Overtime in the NFL

Once again, Tom Brady and the New England Patriots have punched their ticket to the Super Bowl. Once again, former Browns head coach Bill Belichick is leading the way. It’s a combination of great leadership, great coaching and exceptional roster management. Also, having the greatest quarterback in the history of the game doesn’t hurt either. This time, however, the Patriots defeated a very tough team in the Chiefs, but it took a little extra time to get there.

The AFC title match-up saw regulation end with a tie score of 31-31. New England won the coin toss and elected to get the ball. I’m going to sidestep for a moment here and give a 10-second overview of the NFL’s overtime rules. The team who elects to receive wins the game if they score a touchdown on that possession or if the opposing team’s defense scores a touchdown on said possession. If the receiving team only scores a field goal or if they don’t score at all, the team who kicked off in OT gets a crack at it, thus allowing their offense to take the field.

Now that that’s out of the way, it is important to note that both the AFC and NFC championship games went to overtime on Sunday and both were the subjects of very different outcomes. Barring the god awful no-call that everyone and their brother is aware of in the Rams/Saints game, it was a situation where the Saints won the coin toss at the top of OT and elected to receive. Unfortunately for Saints fans, the gold and black were unsuccessful in their attempts to move the ball up the field, causing them to eventually kick off to Los Angeles.

The Rams took advantage of the change in possession as they proceeded to get the yardage they needed, allowing kicker Greg Zuerlein to nail an epic distance field goal and seal the deal for a trip to the big game…which was assisted greatly by some blindfolded NFL officials who continue to change the outcomes of games with their abysmal attempts to manage a contest, but I digress. Honestly, I want to go on about that mess, but I already wrote about that a few weeks ago here.

In the Patriots/Chiefs game, Brady and crew won the coin toss, marched down the field right into the end zone on that first OT possession.

Game over.

Since that moment, I’ve seen numerous complaints on social media and heard a few on the radio this morning asking how fair it is to decide the outcome of a football game on one possession. First off, this isn’t basketball, and that’s not a knock to basketball. You can get away with multiple overtimes there. The risk of injury is far greater in the sport of football due to the constant pounding these players take. Personally, I don’t want to see a game continue endlessly due to the score still being tied at the conclusion of one or two OT quarters while rosters have dwindled in one game because of injuries.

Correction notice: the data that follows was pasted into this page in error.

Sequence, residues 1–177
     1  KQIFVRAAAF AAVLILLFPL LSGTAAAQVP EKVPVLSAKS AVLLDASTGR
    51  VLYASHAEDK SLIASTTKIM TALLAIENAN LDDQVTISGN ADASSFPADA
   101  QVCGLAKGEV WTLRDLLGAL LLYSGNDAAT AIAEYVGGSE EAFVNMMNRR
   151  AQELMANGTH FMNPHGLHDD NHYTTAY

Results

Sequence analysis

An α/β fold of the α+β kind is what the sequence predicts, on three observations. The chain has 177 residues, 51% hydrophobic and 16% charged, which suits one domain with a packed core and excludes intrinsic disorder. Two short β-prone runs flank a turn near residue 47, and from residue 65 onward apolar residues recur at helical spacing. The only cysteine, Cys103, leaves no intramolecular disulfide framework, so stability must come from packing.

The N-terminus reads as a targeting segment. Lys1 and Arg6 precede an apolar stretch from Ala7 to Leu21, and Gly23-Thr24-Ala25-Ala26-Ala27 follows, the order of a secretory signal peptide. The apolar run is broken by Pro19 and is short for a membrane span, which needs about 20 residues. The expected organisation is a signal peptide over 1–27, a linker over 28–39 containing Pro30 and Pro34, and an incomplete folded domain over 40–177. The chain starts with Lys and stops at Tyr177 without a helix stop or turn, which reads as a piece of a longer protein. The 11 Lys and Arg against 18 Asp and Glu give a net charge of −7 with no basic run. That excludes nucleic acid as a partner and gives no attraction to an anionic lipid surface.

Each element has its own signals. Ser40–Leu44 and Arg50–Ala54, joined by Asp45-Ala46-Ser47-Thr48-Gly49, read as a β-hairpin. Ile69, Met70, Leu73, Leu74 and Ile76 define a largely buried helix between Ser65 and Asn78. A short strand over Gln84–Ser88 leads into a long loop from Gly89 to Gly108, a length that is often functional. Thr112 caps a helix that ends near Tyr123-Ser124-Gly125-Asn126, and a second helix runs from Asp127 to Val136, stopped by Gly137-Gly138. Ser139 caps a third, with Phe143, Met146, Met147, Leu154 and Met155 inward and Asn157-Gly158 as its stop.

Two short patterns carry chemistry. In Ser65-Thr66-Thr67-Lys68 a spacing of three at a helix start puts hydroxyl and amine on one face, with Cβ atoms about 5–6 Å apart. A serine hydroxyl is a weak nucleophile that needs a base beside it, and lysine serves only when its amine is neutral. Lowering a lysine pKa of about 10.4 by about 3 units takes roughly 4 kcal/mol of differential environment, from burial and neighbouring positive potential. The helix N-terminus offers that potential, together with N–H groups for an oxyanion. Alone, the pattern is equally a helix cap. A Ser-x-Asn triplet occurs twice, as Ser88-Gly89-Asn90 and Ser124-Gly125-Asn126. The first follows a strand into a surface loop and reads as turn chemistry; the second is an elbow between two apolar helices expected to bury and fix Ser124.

How quickly fans had forgotten that a mere few hours earlier, an overtime game took place where each time had a shot at the ball past regulation. There is nothing wrong with the current structure of how an NFL overtime is carried out. The main argument comes from those who don’t feel a game should be won without letting the other team get the ball. Again, we can’t have a game without end. Also, it is blatantly obvious that this great sport is played on two sides of the ball, offense and defense. Is it not the defense’s duty to stop the progression of the other team? And before any confronts me with the questions of, “Well what if the Browns were in the Chiefs’ position and lost that way? Then what would you say?” I would be heartbroken, of course! Nevertheless, I wouldn’t be calling for a grand retooling of the NFL’s overtime rules and structure.

When we get down to it, there is something about football that just doesn’t scream it is a game for excessive play past regulation. It’s not hockey in the playoffs. It’s not baseball with marathon bullpens. While there is that potential in the NFL for games to go back and forth in OT without scoring, it’s just something that happens about as often as an eclipse and in a day and age where the zebras on the field are coming into question weekly, there is a far greater issue casting a shadow on the game than how its overtimes take place.

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